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1answer
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Can different electron orbitals within the same atom be entangled?

Could the electron in the outer shell orbital be entangled with an electron within the inner S orbit of the atom? If so, how would this affect the properties of such an atom, such as emission and ...
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Can micro black hole hold electron and create atom?

Protons have a positive charge and hold negatively charged electrons in atoms. Thanks, quantum mechanics rules electrons don't fall to the nucleus. If we substitute the atomic nucleus with a micro ...
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On which quantum numbers the energy eigenvalues of a multielectron system depends?

We usually read the case for a hydrogen atom where we find that the potential energy depends only on the variable $r$ and the energy eigenvalues are dependent on principal quantum number only. What ...
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Do fermions of different types have the same quantum states available to occupy?

I'm not asking whether two fermions of different types can occupy the same quantum state, cf. the Pauli exclusion principle. I'm asking whether fermions of different types would have the same options ...
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Hydrogen atom orbital projections resemble to some Chladni figures! Mathematical reasoning?

Chladni figures are formed by sprinkling salt on a vertically vibrating membrane, f.e. [. Some of them are purported to be projections of hydrogen atom orbitals f.e. 1s, 2s, 2p, 3d, etc., e.g. . One ...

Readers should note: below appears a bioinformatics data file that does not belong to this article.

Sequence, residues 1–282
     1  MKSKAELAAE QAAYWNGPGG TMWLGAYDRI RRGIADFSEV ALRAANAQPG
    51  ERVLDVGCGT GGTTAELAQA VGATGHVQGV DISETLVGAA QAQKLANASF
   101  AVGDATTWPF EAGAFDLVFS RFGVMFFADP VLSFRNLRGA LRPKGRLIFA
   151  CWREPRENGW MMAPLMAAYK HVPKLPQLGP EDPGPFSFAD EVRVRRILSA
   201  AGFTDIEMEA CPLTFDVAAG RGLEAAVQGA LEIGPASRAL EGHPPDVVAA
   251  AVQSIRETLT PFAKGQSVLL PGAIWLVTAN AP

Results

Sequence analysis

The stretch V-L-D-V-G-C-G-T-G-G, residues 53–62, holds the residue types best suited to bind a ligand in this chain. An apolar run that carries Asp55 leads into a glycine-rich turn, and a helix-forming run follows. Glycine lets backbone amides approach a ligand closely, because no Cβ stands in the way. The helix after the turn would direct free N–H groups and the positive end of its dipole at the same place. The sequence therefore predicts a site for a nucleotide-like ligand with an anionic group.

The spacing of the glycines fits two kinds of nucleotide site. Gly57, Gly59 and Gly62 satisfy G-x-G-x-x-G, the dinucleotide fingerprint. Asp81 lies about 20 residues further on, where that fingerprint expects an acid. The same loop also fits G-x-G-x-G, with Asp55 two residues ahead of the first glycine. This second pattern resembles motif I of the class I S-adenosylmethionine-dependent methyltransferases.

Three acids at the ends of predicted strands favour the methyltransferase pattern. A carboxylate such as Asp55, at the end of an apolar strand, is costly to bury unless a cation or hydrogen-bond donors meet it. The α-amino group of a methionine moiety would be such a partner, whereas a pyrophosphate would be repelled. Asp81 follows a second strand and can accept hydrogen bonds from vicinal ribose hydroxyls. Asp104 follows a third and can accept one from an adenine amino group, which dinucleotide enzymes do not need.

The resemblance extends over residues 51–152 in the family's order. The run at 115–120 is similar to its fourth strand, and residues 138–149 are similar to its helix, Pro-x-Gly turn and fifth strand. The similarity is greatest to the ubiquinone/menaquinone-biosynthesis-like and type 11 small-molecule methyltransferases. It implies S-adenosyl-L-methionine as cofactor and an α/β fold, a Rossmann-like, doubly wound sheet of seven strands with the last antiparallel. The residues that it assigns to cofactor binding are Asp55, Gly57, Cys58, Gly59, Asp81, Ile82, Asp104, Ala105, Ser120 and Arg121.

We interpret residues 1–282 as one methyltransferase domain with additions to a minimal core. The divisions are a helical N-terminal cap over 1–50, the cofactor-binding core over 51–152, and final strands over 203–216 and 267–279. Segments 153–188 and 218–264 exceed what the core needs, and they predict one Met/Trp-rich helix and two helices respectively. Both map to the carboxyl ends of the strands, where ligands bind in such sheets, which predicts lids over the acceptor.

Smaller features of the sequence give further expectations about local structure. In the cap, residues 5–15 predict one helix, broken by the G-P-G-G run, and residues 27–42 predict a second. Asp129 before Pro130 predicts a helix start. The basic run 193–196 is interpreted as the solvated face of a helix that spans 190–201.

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Do paired electrons have no higher order magnetic multipoles?

An electron pair consists of an up and down electron in an energetically favorable condition where their magnetic dipole moments cancel each other. However, does that also mean they have no quadrupole ...
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1answer
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Does changing energy level of electron in an atom has time duration? [duplicate]

In quantum mechanics electron in an atom is described by the wave function of probability. When the electron changes level the wave function changes to another. Is the changing electron level when it ...
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During promotion of electron in $3p$ orbital before hybridisation, why does it get promoted to $3d$ orbital and not $4s$?

During the hybridization of certain elements such as phosphorus during the formation of $\rm PCl_5$, the atom first gets changed to the excited state. In the case of $\rm PCl_5$, the paired electron ...
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Why do we need the radial probability distribution function?

I know that the radial probability distribution function gives us the probability of finding an electron between in a spherical shell of thickness $dr$ which is at a distance $r$ from the nucleus. Now ...
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Pauli Exclusion Principle Violation, Why is Energy Quantized?

The orbitals of an atom can be thought of as being formed from the probability of finding electrons in those orbitals. If the orbital is 1s (n = 1, l = 0), then it has a certain "volume" for ...